Potassium Iodide: Frequently asked questions
What is it? Potassium Iodide (often known by its chemical symbol, KI) is the ingredient added to your table salt to make it iodized salt; it is approximately 76.5% iodine. “In 1978, the U.S. Food and Drug Administration found KI “safe and effective” for use in radiological emergencies and approved its over-the-counter sale.” Taken orally even in very small quantities 1/2 hour to 1 day before radioactive iodines are swallowed or inhaled, KI prevents about 99% of the damage to the thyroid gland that otherwise would result.
Who stockpiles it? Potassium Iodide and/or Potassium Iodate (KIO3) are now being stockpiled for future nuclear emergencies in Alabama, Arizona, Maine, Tennessee, and Canada, Japan, United Kingdom and South Africa (KIO3), Poland, Armenia, Switzerland, France, Ireland, Czech Republic and the former Soviet Union, among other countries.
What’s the problem? Health experts now estimate that the greatest health concerns affecting the largest number of people from a nuclear accident, or nuclear bomb explosion(s) anywhere in the world, will likely be from the release of radioiodine that is then carried downwind. For example, in certain parts of Belarus, 36.4 per cent of children who were under the age of four at the time of the Chernobyl accident can expect to develop thyroid cancer. “This increase in incidence has been documented up to 500 km from the accident site.”
Very small amounts of inhaled or ingested radioiodine can do grave damage as it will always concentrate, and be retained, in the small space of the thyroid gland, and eventually giving such a large radiation dose to thyroid cells there that abnormalities are likely to result, such as loss of thyroid function, nodules in the thyroid, or thyroid cancer. (Each year 12,000 Americans discover they have thyroid cancer and about 1000 die from it.)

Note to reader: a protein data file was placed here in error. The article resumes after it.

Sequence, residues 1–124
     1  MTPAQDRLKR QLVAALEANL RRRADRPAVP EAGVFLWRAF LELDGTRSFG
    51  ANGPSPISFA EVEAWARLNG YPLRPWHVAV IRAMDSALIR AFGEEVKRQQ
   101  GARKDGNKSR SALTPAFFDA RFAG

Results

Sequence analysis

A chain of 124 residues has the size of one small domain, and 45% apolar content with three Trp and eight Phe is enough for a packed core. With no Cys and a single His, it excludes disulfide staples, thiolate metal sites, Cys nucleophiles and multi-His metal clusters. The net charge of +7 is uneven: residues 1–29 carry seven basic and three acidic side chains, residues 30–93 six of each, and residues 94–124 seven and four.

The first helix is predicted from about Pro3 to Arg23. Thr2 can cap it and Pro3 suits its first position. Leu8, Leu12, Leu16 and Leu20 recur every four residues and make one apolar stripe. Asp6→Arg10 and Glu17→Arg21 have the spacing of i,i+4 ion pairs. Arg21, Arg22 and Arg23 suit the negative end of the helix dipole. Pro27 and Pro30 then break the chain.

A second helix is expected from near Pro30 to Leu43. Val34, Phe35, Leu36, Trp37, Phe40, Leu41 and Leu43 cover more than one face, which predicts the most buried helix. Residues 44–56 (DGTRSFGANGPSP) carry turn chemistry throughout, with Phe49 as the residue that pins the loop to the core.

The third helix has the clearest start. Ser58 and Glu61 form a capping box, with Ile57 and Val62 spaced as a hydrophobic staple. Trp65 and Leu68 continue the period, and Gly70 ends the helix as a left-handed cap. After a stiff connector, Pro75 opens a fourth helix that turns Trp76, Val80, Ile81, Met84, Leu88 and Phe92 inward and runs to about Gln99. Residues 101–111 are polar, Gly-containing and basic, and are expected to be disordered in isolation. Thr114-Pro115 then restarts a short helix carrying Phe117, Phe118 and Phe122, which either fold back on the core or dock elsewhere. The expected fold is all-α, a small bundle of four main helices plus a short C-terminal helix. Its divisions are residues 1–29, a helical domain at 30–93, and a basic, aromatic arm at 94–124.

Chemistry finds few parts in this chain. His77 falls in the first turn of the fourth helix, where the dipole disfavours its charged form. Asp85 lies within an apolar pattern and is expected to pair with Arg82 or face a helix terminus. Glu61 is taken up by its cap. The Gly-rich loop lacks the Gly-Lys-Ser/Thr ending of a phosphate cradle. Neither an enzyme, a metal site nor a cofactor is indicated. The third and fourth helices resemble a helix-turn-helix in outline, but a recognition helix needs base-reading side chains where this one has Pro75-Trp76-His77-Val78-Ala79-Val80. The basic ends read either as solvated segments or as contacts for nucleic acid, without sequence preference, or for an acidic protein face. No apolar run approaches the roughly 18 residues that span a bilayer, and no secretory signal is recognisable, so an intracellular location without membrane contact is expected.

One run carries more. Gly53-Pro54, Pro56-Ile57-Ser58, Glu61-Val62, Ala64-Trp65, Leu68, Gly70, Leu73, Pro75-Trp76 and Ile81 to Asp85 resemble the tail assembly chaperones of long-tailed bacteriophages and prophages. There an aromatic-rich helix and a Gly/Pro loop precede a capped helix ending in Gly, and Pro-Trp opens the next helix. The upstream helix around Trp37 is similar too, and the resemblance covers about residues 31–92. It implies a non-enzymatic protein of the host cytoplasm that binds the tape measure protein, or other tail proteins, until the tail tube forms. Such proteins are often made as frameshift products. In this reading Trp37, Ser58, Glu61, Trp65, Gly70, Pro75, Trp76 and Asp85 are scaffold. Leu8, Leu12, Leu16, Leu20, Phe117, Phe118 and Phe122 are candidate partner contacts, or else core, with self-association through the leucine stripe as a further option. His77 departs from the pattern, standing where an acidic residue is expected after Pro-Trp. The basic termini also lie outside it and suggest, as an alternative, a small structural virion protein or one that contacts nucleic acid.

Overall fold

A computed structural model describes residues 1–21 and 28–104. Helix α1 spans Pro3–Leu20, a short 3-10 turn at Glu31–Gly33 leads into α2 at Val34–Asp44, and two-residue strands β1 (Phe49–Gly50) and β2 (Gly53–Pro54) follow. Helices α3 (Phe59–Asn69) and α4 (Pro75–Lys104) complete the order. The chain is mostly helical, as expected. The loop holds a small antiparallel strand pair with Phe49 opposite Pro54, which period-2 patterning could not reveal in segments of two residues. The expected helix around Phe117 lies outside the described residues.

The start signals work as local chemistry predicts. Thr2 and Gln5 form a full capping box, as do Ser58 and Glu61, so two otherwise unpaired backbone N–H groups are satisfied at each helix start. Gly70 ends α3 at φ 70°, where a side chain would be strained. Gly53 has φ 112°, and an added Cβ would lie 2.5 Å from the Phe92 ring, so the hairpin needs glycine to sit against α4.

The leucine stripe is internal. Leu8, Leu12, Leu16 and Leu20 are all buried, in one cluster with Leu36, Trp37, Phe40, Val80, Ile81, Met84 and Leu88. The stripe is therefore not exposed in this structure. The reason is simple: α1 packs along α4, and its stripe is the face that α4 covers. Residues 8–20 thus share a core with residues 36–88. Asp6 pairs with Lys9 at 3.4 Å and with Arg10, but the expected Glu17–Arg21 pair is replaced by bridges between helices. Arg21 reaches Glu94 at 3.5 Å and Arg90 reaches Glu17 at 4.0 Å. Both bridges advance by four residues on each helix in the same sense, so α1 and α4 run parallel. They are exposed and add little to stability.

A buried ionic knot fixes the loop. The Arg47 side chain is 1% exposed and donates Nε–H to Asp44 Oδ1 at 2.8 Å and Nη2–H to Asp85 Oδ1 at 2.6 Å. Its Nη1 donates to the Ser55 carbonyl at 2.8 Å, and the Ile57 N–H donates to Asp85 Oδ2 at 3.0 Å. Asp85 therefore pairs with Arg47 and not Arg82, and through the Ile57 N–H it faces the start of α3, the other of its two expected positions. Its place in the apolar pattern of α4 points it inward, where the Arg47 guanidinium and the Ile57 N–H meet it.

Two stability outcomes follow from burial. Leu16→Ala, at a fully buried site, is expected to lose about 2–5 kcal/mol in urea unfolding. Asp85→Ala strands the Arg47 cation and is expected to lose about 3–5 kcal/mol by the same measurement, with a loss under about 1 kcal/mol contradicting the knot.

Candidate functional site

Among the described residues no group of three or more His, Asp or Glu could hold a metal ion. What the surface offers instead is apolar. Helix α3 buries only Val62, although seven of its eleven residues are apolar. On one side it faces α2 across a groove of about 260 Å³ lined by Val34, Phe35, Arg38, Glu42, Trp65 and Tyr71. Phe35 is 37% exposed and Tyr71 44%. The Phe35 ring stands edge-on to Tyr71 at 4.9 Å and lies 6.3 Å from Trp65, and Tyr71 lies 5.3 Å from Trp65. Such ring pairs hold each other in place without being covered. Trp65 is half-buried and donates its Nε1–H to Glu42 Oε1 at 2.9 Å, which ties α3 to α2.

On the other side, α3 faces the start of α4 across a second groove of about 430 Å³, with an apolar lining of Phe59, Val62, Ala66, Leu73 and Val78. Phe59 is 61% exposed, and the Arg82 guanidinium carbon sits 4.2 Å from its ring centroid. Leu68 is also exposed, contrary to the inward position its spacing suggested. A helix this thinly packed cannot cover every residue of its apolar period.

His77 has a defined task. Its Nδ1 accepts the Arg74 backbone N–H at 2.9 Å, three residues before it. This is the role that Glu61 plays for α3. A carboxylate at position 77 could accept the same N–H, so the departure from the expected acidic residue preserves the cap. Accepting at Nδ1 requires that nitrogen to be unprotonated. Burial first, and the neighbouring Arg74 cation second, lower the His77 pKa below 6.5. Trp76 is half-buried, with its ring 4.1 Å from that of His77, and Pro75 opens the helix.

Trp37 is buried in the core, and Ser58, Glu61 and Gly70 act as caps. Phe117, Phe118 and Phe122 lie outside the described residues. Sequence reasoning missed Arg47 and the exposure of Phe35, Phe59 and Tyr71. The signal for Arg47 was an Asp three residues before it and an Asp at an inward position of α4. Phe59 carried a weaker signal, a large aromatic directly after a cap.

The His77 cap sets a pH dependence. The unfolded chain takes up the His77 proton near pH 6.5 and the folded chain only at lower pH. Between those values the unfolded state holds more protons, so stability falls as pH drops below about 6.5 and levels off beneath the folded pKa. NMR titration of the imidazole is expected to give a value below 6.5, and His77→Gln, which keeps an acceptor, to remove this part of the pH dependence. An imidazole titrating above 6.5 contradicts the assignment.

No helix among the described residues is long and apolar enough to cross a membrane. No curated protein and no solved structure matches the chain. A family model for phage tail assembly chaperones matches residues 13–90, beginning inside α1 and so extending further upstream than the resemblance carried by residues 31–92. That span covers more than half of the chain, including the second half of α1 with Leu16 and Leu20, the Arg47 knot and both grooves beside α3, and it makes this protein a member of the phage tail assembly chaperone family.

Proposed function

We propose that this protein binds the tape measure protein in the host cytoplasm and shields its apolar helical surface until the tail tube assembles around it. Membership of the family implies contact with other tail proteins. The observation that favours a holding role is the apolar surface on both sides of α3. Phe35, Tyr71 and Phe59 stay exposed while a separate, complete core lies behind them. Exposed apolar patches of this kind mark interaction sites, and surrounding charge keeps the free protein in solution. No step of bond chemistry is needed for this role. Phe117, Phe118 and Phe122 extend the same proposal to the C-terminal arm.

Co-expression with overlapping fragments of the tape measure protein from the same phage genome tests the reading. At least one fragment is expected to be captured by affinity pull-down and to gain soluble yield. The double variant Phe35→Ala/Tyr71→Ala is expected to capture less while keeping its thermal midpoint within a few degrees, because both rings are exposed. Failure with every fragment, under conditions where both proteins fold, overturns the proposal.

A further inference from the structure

How’s it work? Taking either Potassium Iodide (KI) or Potassium Iodate (KIO3) before exposure will saturate (fill up) a persons thyroid gland with safe stable iodine to where there is no room for later uptake of radioactive iodine.
What does the government recommend? “Potassium iodide, if taken in time, blocks the thyroid gland’s uptake of radioactive iodine and thus could help prevent thyroid cancers and other diseases that might otherwise be caused by exposure to airborne radioactive iodine that could be dispersed in a nuclear accident.” – The Nuclear Regulatory Commission, 1998 ”
A major protective action to be considered after a serious accident at a nuclear power facility involving the release of radioiodine is the use of stable iodide as a thyroid blocking agent to prevent thyroid uptake of radioiodines.” – National Council on Radiation Protection, 1979
“Stable iodine administered before, or promptly after, intake of radioactive iodine can block or reduce the accumulation of radioactive iodine in the thyroid.” – World Health Organization, 1999
How useful is it? There is no magic pill or medicine that will protect you from all radiation sources: “There is no medicine that will effectively prevent nuclear radiations from damaging the human body cells that they strike.” There are numerous other, and very dangerous, radioactive noble gases and/or radioactive fallouts that can be associated with nuclear emergencies. You are still exposed to inhale, ingest, or be radiated externally from any number of dangerous non-radioiodine sources.
Following the Chernobyl nuclear disaster, Poland, received serious radioactive contamination, but authorities blocked the uptake of radioactive iodine in 10 million children by administering potassium iodide (KI) – most received just one dose. Unlike Belarus and the Ukraine, there is no thyroid cancer epidemic in Poland today.